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Alternative Funding

Give Me the Money and I’ll Shoot! Finance Your Factual TV/Documentary Project by Nicola Lees

Building on the success of Greenlit, this book is the most accessible guide to the traditional, emerging and creative funding models being exploited by factual TV producers and documentary filmmakers in an ever-changing international market. It introduces you to ten different kinds of funder – from international broadcasters to ordinary individuals – and reveals their very different motivations for funding non-fiction films and TV series.
Advice from industry insiders – producers, buyers, media agencies and film funding bodies – is combined with a range of case studies that illustrate the benefits and drawbacks of each source of funding. Packed with practical, actionable tips and examples of successful written proposals and grant applications (along with tales of caution), this book explains exactly what TV commissioners, grantors, brands and investors are looking for in a pitch.

“Reading this book made me feel that organizing the finance of my next project myself was not only possible, it might even be fun.” Charlotte Fisher, Producer/Director

This book delivers a crash course in funding your documentary or reality TV show and gives you the kind of vital insider knowledge that it would take years to acquire on your own. Whether you are making your very first independent documentary or are an experienced TV producer trying to find new sources of funding, there’s something for you.

“Really well researched and well written. Highly enjoyed reading it – lots of surprising tips, anecdotes and useful information.” Uli Hesse, Producer/Director

So, what’s new?

There are a number of excellent books that provide directories of funding bodies, or focus on the complexities of entertainment business contracts and legal issues, but the problem is that directories go out of date as soon as they are published and legal/business affairs books require you to have an enormous amount of specialist expertise in order to make sense of them.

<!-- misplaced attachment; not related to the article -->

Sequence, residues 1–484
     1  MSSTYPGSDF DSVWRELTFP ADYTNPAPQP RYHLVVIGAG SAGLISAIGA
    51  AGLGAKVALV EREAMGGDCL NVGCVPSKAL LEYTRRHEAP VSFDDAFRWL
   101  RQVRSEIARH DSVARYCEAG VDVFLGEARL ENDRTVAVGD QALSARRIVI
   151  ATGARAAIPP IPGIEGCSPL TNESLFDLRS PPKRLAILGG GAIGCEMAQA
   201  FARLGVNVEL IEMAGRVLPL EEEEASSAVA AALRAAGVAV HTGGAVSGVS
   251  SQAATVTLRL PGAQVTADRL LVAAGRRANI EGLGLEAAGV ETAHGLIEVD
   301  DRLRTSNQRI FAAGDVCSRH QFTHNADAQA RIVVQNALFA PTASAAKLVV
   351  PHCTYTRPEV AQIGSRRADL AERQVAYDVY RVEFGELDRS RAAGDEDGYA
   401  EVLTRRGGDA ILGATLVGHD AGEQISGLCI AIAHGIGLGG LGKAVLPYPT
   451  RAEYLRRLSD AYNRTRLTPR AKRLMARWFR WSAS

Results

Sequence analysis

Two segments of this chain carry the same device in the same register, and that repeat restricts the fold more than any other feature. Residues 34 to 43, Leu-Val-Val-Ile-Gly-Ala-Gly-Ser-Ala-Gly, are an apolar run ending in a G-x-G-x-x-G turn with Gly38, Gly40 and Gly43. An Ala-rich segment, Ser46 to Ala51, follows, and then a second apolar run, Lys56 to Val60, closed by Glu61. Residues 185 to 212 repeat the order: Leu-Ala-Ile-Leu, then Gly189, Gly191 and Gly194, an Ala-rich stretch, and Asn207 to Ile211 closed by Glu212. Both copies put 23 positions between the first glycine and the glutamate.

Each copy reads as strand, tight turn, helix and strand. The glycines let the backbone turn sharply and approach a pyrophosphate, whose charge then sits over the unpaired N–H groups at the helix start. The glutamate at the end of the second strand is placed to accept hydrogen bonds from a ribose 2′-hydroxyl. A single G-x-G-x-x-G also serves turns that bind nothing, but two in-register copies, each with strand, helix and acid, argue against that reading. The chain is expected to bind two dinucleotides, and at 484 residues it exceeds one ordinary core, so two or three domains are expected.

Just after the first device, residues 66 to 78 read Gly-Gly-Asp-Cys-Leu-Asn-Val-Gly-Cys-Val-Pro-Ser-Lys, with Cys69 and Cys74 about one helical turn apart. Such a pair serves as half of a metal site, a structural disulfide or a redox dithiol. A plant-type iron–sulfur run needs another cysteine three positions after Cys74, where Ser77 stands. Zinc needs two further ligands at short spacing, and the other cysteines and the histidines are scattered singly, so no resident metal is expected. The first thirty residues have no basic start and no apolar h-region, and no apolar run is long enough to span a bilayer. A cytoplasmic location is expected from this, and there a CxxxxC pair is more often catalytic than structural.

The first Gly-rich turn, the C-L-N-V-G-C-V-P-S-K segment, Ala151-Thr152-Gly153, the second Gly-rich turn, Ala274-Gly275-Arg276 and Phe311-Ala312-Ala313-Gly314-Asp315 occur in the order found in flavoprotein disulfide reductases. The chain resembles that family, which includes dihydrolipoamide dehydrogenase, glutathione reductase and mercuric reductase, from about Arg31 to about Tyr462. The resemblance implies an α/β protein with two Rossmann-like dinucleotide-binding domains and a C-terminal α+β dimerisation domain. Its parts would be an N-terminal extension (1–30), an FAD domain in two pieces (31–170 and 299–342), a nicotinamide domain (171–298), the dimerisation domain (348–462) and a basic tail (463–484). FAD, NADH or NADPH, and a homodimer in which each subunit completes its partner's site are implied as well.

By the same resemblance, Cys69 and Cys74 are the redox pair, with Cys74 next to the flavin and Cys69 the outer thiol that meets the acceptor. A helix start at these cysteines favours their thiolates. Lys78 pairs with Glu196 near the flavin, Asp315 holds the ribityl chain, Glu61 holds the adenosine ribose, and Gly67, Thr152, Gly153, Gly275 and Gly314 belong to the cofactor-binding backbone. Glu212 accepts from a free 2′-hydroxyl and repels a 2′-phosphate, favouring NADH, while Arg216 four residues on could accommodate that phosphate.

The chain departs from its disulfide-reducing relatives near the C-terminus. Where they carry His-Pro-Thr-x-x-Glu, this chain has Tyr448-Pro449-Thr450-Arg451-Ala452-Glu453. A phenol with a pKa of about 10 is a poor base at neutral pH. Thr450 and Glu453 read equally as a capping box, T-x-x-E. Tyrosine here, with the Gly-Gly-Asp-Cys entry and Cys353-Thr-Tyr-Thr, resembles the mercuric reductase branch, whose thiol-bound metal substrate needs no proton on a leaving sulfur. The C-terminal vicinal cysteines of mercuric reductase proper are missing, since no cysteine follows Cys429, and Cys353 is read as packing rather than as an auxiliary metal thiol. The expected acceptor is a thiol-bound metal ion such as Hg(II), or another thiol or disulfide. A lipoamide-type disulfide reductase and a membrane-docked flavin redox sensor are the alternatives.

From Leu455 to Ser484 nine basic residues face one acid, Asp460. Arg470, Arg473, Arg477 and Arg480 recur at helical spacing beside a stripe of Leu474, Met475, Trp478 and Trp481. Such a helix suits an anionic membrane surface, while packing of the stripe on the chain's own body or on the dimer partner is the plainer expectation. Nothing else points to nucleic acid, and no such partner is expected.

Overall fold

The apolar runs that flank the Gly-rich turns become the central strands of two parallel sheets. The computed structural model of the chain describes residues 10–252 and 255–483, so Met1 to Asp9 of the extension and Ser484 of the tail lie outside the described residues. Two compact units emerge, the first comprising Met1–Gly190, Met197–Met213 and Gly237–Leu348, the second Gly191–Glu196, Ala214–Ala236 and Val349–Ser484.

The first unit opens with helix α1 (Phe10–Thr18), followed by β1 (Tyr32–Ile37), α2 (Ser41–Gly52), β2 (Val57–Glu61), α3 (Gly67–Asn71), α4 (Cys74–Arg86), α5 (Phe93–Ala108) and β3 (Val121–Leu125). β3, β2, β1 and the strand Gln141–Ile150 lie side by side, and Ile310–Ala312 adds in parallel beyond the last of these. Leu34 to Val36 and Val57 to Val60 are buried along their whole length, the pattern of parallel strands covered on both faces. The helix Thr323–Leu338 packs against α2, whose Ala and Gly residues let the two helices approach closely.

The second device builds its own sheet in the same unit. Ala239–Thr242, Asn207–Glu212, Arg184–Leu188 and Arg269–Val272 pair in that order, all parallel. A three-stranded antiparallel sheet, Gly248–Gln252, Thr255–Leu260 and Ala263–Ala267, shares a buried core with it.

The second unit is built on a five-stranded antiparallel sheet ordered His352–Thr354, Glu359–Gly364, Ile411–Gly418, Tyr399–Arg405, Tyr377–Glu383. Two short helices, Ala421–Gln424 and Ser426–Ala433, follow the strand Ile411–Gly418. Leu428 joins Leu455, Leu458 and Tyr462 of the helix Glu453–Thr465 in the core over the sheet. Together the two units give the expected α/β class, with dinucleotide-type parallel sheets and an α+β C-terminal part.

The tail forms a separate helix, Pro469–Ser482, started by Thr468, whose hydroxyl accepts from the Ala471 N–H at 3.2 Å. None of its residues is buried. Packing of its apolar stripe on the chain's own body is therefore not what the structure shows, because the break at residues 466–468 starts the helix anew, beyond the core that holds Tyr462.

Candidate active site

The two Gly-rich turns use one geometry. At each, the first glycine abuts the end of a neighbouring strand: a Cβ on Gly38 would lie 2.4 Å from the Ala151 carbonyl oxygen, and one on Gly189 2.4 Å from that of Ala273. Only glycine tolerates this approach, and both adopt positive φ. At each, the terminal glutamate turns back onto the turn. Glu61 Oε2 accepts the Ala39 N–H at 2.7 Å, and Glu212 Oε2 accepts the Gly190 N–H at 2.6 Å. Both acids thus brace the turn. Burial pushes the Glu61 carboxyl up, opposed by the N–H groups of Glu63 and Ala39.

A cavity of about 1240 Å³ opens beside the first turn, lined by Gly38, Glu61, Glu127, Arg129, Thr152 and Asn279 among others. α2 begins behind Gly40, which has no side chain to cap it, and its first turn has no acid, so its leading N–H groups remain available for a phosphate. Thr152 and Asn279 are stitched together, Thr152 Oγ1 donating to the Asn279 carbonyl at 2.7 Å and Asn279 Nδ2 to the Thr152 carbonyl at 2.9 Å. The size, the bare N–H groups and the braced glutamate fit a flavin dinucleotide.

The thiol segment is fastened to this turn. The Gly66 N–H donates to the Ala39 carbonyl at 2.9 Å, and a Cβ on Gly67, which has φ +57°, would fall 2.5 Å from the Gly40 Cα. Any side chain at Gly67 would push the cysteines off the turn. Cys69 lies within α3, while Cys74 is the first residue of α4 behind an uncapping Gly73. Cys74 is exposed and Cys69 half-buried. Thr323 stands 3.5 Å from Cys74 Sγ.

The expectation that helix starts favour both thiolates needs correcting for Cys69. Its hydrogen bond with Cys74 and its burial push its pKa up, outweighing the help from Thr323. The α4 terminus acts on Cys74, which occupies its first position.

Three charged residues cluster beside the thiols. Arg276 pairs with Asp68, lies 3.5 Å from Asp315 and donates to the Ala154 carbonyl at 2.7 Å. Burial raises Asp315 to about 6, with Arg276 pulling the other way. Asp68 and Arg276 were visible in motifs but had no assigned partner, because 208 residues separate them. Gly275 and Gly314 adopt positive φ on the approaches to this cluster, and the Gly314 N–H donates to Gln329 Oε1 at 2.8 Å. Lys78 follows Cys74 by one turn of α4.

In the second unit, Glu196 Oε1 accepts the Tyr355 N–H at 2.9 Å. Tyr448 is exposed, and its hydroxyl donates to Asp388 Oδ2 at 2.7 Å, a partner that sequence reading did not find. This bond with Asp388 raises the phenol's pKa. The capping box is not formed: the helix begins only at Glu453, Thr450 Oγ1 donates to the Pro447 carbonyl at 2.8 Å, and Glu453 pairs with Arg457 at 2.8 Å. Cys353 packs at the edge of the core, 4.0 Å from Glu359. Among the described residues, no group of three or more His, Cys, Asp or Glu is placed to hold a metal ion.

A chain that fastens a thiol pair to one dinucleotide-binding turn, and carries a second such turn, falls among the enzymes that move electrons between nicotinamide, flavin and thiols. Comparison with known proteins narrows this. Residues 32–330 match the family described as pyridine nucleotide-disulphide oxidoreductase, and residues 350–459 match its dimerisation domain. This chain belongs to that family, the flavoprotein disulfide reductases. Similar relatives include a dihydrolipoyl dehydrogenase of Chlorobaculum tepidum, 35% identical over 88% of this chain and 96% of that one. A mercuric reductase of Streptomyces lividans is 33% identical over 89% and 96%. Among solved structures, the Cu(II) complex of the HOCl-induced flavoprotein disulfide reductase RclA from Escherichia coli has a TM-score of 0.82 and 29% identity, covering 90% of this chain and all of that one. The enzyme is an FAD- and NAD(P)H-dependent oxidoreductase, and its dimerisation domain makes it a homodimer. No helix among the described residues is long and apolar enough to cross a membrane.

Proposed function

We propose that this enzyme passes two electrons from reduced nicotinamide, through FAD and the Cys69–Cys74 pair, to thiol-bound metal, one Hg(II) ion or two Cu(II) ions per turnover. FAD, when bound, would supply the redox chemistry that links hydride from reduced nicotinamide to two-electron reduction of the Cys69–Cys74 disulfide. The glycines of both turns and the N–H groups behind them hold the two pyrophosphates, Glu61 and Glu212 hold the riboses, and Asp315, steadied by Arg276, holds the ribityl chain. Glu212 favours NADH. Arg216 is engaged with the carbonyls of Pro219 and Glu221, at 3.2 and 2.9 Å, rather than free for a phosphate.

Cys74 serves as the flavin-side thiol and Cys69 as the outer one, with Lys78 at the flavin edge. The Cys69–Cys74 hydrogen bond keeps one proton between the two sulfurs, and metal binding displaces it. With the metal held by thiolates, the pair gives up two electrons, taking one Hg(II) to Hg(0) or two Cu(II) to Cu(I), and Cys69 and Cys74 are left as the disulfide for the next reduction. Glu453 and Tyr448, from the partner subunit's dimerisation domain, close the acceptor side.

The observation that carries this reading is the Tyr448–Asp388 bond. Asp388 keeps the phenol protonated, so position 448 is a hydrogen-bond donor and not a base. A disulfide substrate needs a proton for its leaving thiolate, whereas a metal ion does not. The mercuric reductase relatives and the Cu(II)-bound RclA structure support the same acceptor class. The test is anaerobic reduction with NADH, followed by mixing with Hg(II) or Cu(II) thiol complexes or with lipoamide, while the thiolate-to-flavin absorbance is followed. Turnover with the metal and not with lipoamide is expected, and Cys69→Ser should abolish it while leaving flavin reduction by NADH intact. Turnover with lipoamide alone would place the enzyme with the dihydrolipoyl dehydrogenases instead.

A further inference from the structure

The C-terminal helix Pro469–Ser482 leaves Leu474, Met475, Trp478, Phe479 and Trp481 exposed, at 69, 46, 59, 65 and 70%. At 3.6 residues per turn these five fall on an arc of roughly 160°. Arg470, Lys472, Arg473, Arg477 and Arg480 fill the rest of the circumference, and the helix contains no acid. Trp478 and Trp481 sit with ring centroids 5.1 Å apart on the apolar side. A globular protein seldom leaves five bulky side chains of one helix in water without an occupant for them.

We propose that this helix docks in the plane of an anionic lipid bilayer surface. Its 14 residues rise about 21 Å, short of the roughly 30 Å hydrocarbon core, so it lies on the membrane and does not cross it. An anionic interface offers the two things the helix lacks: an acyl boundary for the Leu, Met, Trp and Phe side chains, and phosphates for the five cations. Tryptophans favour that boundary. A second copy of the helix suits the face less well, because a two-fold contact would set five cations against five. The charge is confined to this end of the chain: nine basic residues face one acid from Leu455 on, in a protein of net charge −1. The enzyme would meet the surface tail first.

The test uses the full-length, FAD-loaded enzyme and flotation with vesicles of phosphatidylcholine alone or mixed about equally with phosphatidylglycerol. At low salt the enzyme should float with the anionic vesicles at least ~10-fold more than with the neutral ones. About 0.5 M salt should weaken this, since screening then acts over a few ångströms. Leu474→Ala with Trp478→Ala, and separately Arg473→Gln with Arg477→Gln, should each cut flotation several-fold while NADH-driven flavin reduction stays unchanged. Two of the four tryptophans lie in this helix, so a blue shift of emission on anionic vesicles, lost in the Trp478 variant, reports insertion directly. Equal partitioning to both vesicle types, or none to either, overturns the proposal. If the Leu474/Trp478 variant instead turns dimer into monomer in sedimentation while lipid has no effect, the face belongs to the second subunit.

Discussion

Give Me the Money and I’ll Shoot! is designed to be a readable and entertaining overview to all the different kinds of funding available to you. Some are best suited to executive producers seeking to fund expensive landmark TV series, others are more appropriate for first-time filmmakers working with a micro budget.

The book is split into three parts:

PART I: The Idea

Before you go looking for funding you must make sure that your project is fully developed and that you have identified the correct market for your film. Different funders require different types of proposal, ranging from a one-page proposal for TV commissioners to a business plan for equity investors, a twenty-page grant application for foundation funding or an online pitch for crowdfunding. This section of the book helps you formulate a strong master proposal that can be adapted for different funding applications, and includes examples of different kinds of proposals.

PART II: The Funding

In these uncertain financial times, it’s likely that you’ll have to find money from several different sources to fund one film. Depending on your level of experience and the nature of the project you might need to secure money from: